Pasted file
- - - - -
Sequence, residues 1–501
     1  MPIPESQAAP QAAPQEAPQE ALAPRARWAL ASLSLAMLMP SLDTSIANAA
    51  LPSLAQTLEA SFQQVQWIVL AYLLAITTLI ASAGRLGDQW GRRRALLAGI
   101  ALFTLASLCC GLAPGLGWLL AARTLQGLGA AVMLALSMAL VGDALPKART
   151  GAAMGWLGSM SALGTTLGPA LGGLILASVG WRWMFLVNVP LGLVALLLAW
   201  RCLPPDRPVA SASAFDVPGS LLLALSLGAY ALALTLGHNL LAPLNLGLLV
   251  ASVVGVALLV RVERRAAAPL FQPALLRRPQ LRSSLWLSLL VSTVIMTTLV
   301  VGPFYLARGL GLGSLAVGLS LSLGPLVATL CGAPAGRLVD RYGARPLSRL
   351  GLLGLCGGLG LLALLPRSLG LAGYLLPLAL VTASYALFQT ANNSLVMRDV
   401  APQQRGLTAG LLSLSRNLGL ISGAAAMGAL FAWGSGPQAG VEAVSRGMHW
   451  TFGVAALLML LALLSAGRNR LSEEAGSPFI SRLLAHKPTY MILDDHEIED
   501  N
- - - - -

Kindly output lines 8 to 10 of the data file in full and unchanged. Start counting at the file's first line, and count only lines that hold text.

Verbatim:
   301  VGPFYLARGL GLGSLAVGLS LSLGPLVATL CGAPAGRLVD RYGARPLSRL
   351  GLLGLCGGLG LLALLPRSLG LAGYLLPLAL VTASYALFQT ANNSLVMRDV
   401  APQQRGLTAG LLSLSRNLGL ISGAAAMGAL FAWGSGPQAG VEAVSRGMHW